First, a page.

Published by Matt Church – Founder on 2 August 2022
When things are tough we often want ‘new’ in the hope that we don’t have to deal with the gnarly ‘old’ issues that keep turning up.
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As thought leaders who run advice-based practices, we are often looking to deliver, unearth, or reveal ‘new’ or novel ideas. There is a sense perhaps that the new insight is more highly prized than any other.
It’s easy to love ‘new’, particularly in the short term.
We are attracted to ‘new’ as it has a fresh start vibe to it, a shiny object, syndromic nature.
When things are tough we often want ‘new’ in the hope that we don’t have to deal with the gnarly ‘old’ issues that keep turning up. This is what can drive a serial start-up energy. The start being more exciting than the grind of actually completing things.
And new is just easier, it’s got the exciting freshness of possibility, untarnished by the in-your-face-ness, accumulated reality of the old.
Now don’t get me wrong, ‘new’ is good, fresh is fabulous, shedding old stuff is stunningly useful. And… perhaps our affection for ‘new’ means we are avoiding what’s ‘true’. In my experience, we should privilege the ‘true’, not the ‘new’.
Old and New can battle all they like, jockeying for position and privilege in our scarce attention field. But true has no opposite, we create false as if it’s a thing but it’s really not. False is a label our minds create for what is not true. So there is true and not true. And when you obsess about what’s true, you start to create a simpler way of being with whatever is occurring in or around you. The ‘Is’-ness and ‘As’-ness of the Tolleic moment.
Perhaps then our job is to struggle less for the new, original, unique, trademark-able. And instead, focus on the pursuit of what is true.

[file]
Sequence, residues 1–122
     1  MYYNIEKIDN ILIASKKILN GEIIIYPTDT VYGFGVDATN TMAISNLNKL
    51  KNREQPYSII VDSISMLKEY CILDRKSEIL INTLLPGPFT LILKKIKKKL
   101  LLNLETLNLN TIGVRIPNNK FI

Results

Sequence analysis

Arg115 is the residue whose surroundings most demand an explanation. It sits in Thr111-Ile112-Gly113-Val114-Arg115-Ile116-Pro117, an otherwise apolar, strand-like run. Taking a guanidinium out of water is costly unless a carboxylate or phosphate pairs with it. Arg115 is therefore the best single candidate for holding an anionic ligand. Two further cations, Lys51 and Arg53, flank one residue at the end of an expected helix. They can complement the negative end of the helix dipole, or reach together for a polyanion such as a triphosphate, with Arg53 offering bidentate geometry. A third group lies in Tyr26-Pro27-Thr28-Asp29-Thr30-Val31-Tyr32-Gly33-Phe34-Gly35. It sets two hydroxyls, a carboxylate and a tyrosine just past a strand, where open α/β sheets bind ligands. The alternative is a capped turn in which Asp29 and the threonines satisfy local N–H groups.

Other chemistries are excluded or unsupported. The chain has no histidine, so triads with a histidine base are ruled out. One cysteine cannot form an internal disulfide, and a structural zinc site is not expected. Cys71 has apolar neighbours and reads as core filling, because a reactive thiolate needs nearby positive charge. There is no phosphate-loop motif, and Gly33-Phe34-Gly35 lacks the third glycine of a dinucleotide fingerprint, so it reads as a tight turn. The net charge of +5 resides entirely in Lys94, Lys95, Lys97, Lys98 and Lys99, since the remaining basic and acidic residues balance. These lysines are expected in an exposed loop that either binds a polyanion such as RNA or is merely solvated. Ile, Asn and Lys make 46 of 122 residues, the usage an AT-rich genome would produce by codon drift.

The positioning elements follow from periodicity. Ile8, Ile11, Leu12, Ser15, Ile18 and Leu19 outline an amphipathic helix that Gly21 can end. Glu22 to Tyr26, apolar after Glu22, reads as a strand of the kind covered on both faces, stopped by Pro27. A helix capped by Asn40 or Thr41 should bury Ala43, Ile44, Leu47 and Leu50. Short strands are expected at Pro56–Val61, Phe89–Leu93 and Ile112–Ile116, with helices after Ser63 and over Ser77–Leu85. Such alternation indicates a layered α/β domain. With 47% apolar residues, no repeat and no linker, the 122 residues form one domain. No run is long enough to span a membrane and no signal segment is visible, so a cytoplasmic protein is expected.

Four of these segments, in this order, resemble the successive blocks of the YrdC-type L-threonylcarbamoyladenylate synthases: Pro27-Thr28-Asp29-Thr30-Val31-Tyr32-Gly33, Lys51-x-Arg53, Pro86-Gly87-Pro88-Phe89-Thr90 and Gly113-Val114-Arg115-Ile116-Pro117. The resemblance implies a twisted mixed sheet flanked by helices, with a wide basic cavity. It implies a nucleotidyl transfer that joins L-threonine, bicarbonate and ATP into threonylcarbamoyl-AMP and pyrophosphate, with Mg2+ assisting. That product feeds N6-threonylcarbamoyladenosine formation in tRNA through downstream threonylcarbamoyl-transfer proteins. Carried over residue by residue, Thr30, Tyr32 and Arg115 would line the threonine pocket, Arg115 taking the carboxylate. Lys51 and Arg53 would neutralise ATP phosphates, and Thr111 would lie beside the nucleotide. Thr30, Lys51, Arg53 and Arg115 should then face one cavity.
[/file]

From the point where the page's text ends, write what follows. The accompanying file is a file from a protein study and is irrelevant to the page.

But true isn’t always easy…
True is rarely exclusively yours, it’s not terminally unique to you. A true idea emerges simultaneously elsewhere on the planet, Jung might call this synchronicity, truth seems universal. Perhaps great insights come through you for others, not from you to others. We don’t get to possess the truth, as if it was built entirely in the vacuum of our genius. That doesn’t mean it’s open for others to plagiarise but it does mean a lineage, a humility and an orientation towards attribution and honour are appropriate.
The value of a true idea is not the idea itself but rather the experience people have with the idea. As such, it helps to then consider that we might be in the experience business, not the idea business. True then requires us to have a close relationship to the ‘means of production’. It’s hard to systemise and entrepreneurise truth when it’s more effectively delivered experientially via service, not at a distance product-tised. Our job is to make ideas relevant, meaningful, engaging, and practical. There is a bias towards utility over uniqueness towards experiential over educational. Application being the measure of impact and meaning, and meaning preceding monetisation. If people value it and use it, they will pay for it.
In our pursuit of ‘new’, we may spend too long trying to protect what we know and tell everyone how special it is. When we work in the field of truth we become less attached, more in service and generously humble around the work we do as Thought Leaders.
True not new.
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